The little things make the biggest difference

The IMPACT radio show is into its second month on KAOS 91.1. Started as a means of sharing stories of people who are making a difference in the community, it has successfully resulted in a number of great conversations, including one that happened on March 8th with Doug Nicholls, Superintendent of the Fort McMurray Public School District.

Doug is into his third year in Fort McMurray, along with his wife Roberta. Born and raised in Edmonton, he spent 20 years in the classroom and has moved from place to place in administrative positions. That opportunity to experience different communities and provinces has been invaluable.

“We never would have had the life experiences we’ve had without some movement,” he shared. “We rank Fort McMurray right up there in terms of the places we’ve lived and worked.”

In a very short period of time, Doug has demonstrated his passion for students and community. He is often seen at public events and with students. There is a reason.

“My best days on the job are when I’m in the schools,” he said. “I love teaching.”

“In your view, what makes a fantastic teacher?” I asked.

“You’ve got to love kids,” he said. “And you have to be prepared for the ups and downs of the profession. Years vary. Classes vary. You need to be a leader in the classroom. Kids count on it.”

Doug is a product of parents who worked hard and had a strong set of values. His dad was in the meat packing business while his mom ran a seniors care centre. He was also greatly influenced by a number of leaders through his career. Two former bosses stand out.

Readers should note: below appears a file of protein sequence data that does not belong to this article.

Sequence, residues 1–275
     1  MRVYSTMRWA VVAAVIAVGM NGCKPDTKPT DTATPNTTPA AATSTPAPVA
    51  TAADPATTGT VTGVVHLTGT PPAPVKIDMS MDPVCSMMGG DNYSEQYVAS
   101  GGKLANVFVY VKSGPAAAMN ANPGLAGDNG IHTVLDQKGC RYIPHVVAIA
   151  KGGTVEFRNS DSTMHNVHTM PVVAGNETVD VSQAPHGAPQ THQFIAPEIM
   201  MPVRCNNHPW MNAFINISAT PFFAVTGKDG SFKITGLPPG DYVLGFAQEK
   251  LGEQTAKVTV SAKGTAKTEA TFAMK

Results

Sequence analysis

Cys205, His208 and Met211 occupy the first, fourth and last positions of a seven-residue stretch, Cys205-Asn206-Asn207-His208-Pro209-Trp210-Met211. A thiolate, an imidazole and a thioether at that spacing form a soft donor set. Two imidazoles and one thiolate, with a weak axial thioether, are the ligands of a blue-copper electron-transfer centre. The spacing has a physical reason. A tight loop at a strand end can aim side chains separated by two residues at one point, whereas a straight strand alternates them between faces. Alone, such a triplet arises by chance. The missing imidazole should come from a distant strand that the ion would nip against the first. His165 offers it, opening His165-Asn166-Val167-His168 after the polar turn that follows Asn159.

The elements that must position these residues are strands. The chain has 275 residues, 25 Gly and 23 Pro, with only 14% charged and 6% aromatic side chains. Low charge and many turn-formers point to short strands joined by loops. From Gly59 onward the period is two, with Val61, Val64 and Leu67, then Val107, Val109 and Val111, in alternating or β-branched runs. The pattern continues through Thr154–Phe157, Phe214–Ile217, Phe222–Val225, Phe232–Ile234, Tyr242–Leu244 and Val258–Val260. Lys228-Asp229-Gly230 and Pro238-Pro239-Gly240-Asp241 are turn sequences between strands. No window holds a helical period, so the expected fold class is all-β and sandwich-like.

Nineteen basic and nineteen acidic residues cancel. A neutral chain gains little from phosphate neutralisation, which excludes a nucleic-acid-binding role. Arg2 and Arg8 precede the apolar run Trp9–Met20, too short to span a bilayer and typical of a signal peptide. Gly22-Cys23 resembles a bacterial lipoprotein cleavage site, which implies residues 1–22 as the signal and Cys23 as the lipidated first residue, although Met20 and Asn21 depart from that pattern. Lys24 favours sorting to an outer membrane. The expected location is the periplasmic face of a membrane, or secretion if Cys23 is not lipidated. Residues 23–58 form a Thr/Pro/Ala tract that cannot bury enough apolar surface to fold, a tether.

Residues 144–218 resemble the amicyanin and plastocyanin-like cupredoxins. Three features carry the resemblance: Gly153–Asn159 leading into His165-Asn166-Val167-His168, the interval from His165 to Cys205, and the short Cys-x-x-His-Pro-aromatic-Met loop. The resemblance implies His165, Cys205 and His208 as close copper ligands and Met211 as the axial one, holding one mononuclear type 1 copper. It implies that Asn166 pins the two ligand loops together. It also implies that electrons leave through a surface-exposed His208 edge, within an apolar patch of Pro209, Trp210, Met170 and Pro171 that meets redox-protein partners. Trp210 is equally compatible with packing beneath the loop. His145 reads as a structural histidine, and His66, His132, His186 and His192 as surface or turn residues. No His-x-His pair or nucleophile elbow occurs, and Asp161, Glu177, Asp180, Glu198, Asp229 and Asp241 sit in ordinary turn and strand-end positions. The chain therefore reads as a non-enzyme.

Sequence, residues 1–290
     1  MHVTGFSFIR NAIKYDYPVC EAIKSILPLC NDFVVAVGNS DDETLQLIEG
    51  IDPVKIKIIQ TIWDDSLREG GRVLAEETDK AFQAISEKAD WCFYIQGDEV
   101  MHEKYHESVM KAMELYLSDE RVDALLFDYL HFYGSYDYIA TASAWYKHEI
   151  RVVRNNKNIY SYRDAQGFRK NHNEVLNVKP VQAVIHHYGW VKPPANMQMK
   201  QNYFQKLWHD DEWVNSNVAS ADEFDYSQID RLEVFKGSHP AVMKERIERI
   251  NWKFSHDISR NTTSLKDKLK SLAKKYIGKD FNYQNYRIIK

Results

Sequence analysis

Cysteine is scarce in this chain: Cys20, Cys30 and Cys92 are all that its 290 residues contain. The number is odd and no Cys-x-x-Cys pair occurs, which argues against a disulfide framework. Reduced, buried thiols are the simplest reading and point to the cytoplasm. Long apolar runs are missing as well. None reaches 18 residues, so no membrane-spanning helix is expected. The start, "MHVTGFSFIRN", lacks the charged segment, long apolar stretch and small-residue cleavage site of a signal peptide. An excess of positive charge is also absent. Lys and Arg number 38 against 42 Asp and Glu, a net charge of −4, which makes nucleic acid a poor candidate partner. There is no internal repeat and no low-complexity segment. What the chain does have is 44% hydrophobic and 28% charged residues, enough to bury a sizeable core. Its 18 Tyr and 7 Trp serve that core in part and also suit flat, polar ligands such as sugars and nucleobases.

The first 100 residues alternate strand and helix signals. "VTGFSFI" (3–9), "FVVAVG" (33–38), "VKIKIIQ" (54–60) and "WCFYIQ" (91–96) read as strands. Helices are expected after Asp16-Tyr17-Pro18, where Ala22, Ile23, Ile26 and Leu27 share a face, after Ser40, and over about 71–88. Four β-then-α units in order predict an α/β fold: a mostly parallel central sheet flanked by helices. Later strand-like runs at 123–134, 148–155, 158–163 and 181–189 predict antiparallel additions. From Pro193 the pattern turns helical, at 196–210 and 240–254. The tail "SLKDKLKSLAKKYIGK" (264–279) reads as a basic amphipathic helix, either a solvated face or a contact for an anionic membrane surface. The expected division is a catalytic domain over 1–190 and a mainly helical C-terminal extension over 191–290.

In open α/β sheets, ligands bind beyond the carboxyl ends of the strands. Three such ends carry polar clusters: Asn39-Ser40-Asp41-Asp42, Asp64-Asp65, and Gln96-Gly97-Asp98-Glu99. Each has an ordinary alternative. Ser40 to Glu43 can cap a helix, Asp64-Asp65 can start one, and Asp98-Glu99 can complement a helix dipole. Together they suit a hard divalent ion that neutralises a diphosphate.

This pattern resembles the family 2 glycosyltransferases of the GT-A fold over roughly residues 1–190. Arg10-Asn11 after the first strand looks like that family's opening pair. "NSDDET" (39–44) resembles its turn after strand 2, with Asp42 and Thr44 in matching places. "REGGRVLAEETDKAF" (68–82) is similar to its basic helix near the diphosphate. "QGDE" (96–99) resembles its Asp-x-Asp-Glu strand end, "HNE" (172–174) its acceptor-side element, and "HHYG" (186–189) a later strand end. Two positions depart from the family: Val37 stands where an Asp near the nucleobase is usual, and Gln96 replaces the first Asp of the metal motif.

Bob Maskell was a former principal who went on to become an MLA.

“He did little things that became very very powerful over time,” he said. “He could take a bad situation and turn it into something positive and instructive.”

Another mentor was John Bole, superintendent in the Leduc School District.

“John used to say that he never worked a day in his life,” said Nicholls. “He came with passion every day, relationships were critical, and he was very involved outside the school district. To this day, he is coaching track and field at high levels.”

The value of being connected in the schools and in the community is very important to Doug Nicholls and his approach to leadership.

“Involvement in the community is very important to me, personally and professionally,” he said. “It definitely is a big part of the role.”

In addition to sitting on the board of the Wood Buffalo Multicultural Association, Doug has been helping out with the CCAA National Basketball Championships at Keyano College. He has always loved sports, is an avid golfer, and an ardent fan of the game of golf – he and his wife often travel to major tournaments to observe the pros. Something you may not know about Doug is that is was a “minor assistant pro” back when he was in his early twenties.

When asked about the “little” things that make a big difference in his leadership style, Doug shared a couple of different things. He likes to spread passion. He values good relationships. He also encourages teachers to find good mentors and to never stop learning.

“The world is changing so quickly and we have a responsibility to stay abreast of it as much as we can.”

As he reflects on a long career in education, Doug Nicholls is most proud of being able to help grow the capacity of others: teachers, support staff, administrators, and students.

“That’s where I see the major role of leadership,” he said. “It is to build capacity in others and learn from others.”

Doug exudes positive energy and enthusiasm about his organization and our community. He is a leader who has a philosophy about getting involved and giving back.

“We can all make a difference in the community in some way,” he said. “I’m glad to be part of a community that is so exciting and vibrant.”

You can listen to the complete IMPACT interview with Doug Nicholls by clicking here.

   

Author: Russell Thomas

​Russell is a marketing and communications professional who has spent 20 years in Wood Buffalo working with the OK Radio Group, Keyano College, Arts Council Wood Buffalo, and now with The United Way of Fort McMurray. A regular blogger, Russell's writing can be seen online (www.middleagebulge.com) and in multiple publications. His paintings can be seen in homes and businesses throughout the community. Married to Heather and "Papa" to Dylan and Ben, Russell is a passionate spokesperson for United Way.